City may legalize fliering in some areas
Jenny Brown
September 1997

You wouldn't guess it from looking at them, but fliering utility poles is illegal in Gainesville, with a penalty of up to $500 fine and 60 days in jail for violators. Over 2,700 people signed a petition last year asking that the City Commission repeal this longstanding ordinance, but the City voted down a motion to repeal the ordinance 3-1 and referred the matter to the City Manager, then to Public Works.

On Monday, September 8, after 6 p.m., at the City Commission meeting (in the auditorium on the first floor of City Hall) the Commission will consider recommendations from its Public Works Committee to loosen up the law. In an August 19 meeting they indicated that they would recommend that the ordinance be suspended in the downtown and university areas where fliering is prevalent, build kiosks on the downtown plaza, and make fliering outside that "context area" a civil penalty (i.e. a fine). Every two weeks, on a regular schedule, all flyers would be removed from poles. Proponents of fliering are still asking for total repeal of the ordinance.

Even the Public Works recommendation will not be adopted, however, if there is not widespread vocal public support for fliering rights. It is competing with a suggestion by the City Manager that $35,000 be spent to clear all the poles and launch a public campaign to tell people it's illegal to flier. After the education period a police crackdown would ensue, wherein all people caught fliering would be punished.

The Public Works committee's recommendation, which has not been finalized at this writing, would discriminate against people fliering in parts of town other than the "context area." In particular, Gainesville's Black community, which already experiences selective enforcement from the police, would face more restrictions than the largely student community which uses the poles on University and 13th St.

People were regularly fined and even arrested for posting fliers until summer of 1996 when three of the people arrested under this code stood on their free speech rights and refused to be intimidated by the police and courts.

David Grantham, Howard Rosenfeld, and Mike Geison were arrested in separate incidents for placing informational fliers on poles within blocks of University Ave and 13th Street. Grantham and Geison were handcuffed and placed in police cars. Rosenfeld was cited and told to show up in court.

Generally, people arrested under this ordinance plead guilty. These three refused to plead guilty, saying that the ordinance was a violation of their rights to free speech, and was being selectively enforced against them. This point was highlighted when the City gave permission to Coca Cola to post fliers on the poles all along University Ave. to advertise the Coca Cola-sponsored Olympic torch relay.

Community political organizations, musicians and artists, who are particularly at risk for police intimidation, rallied and marched down University Avenue posting fliers as a group on August 8, 1996. Their fliers read "YOUR IDEA HERE (could get you arrested)"; "YARD SALE TODAY ($500 fine tomorrow)" and "POST NO BILLS (unless you're a major corporation.)" The march was organized by the Civic Media Center, and joined by representatives of Campus NOW, the Hardback Cafe, musicians and others who had been arrested under the law. They circulated a petition, gathering 2,700 signatures of Gainesvillians calling for repeal of the ordinance 17-2 which makes illegal "affixing signs or advertising matter to and upon poles erected in the streets of the City ..."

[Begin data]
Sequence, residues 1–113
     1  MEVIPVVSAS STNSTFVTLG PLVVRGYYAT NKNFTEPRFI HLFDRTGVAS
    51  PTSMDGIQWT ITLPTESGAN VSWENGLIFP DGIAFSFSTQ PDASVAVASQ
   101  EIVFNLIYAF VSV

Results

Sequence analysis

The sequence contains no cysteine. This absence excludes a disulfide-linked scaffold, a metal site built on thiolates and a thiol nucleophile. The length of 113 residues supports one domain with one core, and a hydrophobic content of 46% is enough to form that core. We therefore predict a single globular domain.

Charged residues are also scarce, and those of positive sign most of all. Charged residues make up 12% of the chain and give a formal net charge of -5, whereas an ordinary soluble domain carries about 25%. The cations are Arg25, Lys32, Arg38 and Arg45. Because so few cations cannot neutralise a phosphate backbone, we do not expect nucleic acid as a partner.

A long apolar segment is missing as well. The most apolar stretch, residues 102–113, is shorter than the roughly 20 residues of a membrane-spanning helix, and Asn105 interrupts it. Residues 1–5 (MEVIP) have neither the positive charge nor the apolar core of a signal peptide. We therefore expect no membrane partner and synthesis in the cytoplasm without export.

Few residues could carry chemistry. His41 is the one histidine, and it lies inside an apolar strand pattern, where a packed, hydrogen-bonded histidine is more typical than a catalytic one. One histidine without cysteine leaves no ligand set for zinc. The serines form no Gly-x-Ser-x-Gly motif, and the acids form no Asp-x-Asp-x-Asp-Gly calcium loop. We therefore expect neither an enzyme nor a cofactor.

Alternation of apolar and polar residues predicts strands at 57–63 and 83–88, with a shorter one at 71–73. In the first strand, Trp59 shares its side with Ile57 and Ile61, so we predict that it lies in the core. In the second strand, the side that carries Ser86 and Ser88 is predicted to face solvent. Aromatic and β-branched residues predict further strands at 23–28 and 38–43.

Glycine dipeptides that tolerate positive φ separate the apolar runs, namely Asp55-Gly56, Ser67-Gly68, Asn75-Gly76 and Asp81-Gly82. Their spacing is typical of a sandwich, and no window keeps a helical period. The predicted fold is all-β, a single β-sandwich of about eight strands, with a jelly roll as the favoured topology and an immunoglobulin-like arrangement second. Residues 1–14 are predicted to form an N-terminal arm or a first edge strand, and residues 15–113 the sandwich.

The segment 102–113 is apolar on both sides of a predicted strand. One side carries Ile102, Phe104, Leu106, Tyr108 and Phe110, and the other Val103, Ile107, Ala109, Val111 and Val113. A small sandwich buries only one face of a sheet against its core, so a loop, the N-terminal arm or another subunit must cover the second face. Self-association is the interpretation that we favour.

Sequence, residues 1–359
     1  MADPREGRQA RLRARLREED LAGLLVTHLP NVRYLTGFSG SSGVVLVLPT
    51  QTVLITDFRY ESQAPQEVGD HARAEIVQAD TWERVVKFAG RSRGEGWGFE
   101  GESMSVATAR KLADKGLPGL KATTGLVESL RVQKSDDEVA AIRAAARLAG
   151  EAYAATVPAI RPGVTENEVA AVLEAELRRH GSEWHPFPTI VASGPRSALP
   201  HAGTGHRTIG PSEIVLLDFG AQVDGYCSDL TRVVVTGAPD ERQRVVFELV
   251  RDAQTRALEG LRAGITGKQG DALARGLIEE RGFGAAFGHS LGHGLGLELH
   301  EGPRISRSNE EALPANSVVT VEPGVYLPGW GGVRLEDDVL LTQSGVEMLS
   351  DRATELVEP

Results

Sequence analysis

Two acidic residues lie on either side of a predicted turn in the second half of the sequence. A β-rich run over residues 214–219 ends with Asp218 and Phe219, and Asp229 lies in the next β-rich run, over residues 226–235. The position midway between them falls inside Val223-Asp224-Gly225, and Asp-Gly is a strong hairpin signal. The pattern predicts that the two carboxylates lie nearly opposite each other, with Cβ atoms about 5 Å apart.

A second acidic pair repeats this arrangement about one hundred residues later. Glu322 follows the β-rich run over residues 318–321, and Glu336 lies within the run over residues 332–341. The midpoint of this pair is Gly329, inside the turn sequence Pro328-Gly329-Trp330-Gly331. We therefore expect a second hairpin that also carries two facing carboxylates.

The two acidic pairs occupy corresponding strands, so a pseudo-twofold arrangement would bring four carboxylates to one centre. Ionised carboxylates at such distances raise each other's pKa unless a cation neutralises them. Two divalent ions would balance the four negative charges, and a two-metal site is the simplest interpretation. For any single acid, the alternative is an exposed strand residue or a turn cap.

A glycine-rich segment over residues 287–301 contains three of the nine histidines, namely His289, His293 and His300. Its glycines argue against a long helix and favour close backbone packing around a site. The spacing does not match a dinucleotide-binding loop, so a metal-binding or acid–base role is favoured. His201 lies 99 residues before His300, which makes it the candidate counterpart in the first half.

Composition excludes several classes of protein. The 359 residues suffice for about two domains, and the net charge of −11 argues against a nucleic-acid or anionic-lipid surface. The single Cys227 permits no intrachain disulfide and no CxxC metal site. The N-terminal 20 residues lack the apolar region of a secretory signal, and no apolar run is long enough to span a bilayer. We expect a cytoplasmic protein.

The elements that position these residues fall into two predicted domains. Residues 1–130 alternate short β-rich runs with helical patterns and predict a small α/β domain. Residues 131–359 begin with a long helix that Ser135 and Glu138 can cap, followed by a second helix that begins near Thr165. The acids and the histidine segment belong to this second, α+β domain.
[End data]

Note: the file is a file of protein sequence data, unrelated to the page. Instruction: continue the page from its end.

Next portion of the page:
At a rally in front of the courthouse, Campus NOW's then-president Eve Koenig said that these arrests are "a direct threat to Campus NOW and other community political organizations because fliering is our chief means of publicity. This ordinance and the hypocritical enforcement of it will weaken our group by making it harder to reach interested women. The city should be supporting the organizations which work to improve the lives of the people in our community, not tearing us down. ... We refuse to allow the Gainesville Police Department to shut us up and shut us down."

Faced with this resistance, State Attorney Rod Smith stated in a letter to the police chief August 26 that he would not prosecute the three or any other fliering cases. "... It is impractical and expensive to have police officers' time spent waiting to testify at a full-blown trial of such a trivial matter" Smith stated.

Since then, according to the City Manager, the ordinance has not been enforced. This brief period of relative freedom may end, however, if the City decides to take the route recommended by the City Manager.

Bill Stephenson, a Civic Media Center volunteer and an organizer in the Gainesville Freedom School, led the initial assault on the ordinance. "We think the ordinance discriminates against small business, community groups and individuals who can't afford more expensive methods of spreading information."

"It's ugly"